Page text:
Makers’ Eye co-founder Tony Portus knew there were numerous incredibly skilled and independent designers and makers of contemporary bespoke furniture in all corners of the UK. But how to find them, and match them up with clients?
“Most of Britain’s designers and makers of the greatest contemporary furniture are too busy creating beautiful work to have time to show it off,” says the ex-manager of the Conran Shop, who has been a designer-maker himself for 30 years.
Finding a solution to the problem was the premise behind Makers’ Eye, where Portus and his business partner, design-gallery owner Ross Fenn now promote and link up designers with clients such as Rolls-Royce and St Hugh’s College, Oxford (where they are supplying 200 pieces of handmade solid oak furniture for a new studies centre), as well as private individuals looking to commission unique pieces such as desks, dining tables and even libraries (fitted library by Matthew Burt, second picture). While individually designed pieces of freestanding furniture are most popular, entire interiors, kitchens and bathrooms are possible too – which often require bringing together more than one workshop.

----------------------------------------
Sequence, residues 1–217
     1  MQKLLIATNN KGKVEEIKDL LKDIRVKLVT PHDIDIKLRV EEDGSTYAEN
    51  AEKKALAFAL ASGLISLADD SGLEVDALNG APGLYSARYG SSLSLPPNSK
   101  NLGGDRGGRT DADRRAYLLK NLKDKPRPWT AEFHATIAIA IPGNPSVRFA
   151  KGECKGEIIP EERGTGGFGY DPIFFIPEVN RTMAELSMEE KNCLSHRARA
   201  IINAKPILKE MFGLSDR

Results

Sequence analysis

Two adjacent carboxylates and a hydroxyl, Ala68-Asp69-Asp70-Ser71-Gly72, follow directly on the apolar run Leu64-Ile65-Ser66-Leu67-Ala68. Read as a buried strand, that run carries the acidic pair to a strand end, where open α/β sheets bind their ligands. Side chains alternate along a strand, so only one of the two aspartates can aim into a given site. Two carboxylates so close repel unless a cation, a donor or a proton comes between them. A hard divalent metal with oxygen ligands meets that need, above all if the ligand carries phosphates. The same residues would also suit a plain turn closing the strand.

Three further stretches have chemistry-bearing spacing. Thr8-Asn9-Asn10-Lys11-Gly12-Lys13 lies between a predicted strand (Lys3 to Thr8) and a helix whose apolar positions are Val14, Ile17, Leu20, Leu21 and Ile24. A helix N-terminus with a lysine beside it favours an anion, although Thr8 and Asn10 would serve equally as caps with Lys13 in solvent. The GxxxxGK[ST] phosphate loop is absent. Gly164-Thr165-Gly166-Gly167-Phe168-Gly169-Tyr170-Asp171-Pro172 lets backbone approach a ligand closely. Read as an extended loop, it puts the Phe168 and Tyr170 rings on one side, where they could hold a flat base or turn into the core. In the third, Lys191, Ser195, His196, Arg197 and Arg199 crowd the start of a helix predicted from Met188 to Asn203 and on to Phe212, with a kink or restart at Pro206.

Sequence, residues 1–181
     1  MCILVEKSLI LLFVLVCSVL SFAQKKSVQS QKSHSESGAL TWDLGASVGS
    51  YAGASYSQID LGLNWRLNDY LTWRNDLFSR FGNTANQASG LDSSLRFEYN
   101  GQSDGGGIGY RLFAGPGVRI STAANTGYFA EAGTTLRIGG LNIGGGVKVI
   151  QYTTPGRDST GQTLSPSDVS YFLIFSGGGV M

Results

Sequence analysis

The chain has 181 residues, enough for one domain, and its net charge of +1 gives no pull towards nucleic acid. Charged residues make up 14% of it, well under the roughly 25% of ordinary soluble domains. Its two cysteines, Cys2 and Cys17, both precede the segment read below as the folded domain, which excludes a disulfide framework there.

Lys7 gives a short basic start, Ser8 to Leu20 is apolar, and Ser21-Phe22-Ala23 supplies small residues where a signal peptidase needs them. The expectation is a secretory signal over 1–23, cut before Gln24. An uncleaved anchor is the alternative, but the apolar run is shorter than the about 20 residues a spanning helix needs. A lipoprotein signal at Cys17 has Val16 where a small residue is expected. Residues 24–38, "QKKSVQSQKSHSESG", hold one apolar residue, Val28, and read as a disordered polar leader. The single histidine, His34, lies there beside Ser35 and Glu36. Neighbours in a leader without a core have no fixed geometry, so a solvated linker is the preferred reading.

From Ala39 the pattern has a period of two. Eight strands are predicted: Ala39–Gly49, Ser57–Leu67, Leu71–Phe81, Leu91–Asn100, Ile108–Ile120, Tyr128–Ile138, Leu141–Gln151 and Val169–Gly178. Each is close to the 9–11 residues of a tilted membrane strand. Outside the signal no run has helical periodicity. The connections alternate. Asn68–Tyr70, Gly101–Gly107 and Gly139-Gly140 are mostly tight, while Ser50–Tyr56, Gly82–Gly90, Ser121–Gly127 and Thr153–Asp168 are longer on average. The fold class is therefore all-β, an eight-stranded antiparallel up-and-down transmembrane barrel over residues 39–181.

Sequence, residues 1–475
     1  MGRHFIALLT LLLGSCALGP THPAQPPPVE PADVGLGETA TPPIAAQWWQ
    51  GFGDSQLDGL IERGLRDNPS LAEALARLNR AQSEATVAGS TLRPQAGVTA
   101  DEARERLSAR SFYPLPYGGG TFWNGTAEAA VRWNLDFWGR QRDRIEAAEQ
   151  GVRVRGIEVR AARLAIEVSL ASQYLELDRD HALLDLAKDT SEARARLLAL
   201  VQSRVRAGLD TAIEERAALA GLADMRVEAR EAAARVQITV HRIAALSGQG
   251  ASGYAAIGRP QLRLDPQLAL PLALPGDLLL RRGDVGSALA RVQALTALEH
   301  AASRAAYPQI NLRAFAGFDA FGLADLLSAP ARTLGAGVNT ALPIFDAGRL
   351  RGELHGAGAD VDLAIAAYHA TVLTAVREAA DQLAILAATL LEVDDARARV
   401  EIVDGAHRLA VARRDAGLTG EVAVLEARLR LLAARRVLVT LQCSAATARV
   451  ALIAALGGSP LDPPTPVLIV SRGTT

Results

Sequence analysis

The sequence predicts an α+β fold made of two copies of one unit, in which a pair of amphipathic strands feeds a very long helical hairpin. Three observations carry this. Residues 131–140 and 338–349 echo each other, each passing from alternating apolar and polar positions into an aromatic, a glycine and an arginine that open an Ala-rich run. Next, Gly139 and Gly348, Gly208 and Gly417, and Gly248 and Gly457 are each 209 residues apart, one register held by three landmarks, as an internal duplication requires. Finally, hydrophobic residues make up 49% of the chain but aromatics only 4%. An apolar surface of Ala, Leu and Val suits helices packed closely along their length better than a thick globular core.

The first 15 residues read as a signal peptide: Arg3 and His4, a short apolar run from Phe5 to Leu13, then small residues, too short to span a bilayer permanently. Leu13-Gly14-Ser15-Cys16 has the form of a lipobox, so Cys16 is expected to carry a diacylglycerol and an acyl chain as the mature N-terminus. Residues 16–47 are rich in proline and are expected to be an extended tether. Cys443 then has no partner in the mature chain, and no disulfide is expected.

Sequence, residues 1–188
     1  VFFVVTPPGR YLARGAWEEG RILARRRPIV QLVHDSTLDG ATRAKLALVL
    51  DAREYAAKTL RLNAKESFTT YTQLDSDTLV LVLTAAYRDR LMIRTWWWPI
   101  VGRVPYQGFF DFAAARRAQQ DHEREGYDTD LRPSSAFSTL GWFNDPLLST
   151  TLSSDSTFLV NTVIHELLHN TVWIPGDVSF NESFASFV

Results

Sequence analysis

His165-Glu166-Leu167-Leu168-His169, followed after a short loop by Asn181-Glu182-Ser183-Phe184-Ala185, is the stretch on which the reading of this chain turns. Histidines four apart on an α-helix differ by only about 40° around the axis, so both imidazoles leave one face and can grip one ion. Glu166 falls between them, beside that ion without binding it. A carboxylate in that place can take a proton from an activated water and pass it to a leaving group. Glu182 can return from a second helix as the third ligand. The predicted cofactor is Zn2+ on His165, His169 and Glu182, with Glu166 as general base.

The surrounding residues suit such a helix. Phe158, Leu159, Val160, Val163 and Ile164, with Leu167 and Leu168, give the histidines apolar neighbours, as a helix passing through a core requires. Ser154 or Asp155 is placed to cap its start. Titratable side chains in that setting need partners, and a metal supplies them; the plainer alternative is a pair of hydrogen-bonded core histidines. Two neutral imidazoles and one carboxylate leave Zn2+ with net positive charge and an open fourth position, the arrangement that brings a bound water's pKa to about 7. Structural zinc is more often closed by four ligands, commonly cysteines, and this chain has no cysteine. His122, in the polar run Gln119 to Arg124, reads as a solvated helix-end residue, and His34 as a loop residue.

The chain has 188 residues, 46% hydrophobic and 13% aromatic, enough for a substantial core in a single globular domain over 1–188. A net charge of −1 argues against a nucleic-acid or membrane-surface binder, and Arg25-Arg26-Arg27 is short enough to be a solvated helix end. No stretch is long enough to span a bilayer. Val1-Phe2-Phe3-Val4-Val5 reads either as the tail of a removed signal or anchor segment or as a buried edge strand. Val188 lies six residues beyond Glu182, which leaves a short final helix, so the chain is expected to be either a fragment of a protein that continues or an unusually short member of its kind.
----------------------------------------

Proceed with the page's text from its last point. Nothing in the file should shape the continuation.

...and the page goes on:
And these are no ordinary workshops. Portus describes his portfolio of designers as being “the most adventurous… The very finest makers – and the most radical – of environmentally sensitive, sustainable work.”
It’s not hyperbole. Recently created one-off works include Portus’s own Cube cabinets (£8,950), a refined duo of symmetrical burr walnut square cabinets to hold a client’s hi-fi and audio equipment; Alun Heslop’s Kre chair (£32,500), a foundry-cast patinated bronze sculptural seat that resembles an inverted figure standing on its head; and the seemingly impossible Mulberry table by John Makepeace that looks like it might topple at any moment, but is crafted from sturdy Mulberry wood and cast bronze (price on request, third picture).
Other standout pieces include the futuristic shell-inspired pieces (from £96,000) by Marc Fish: the extraordinary Nautilus sycamore and glass coffee table (first picture) and Babel, a curious shell-themed tower cabinet that opens up to reveal sinuous shelves inside (fourth picture). All seem quite beyond the realms of what should be possible with metal and timber – and speak to the daring and innovative nature of a Makers’ Eye commission.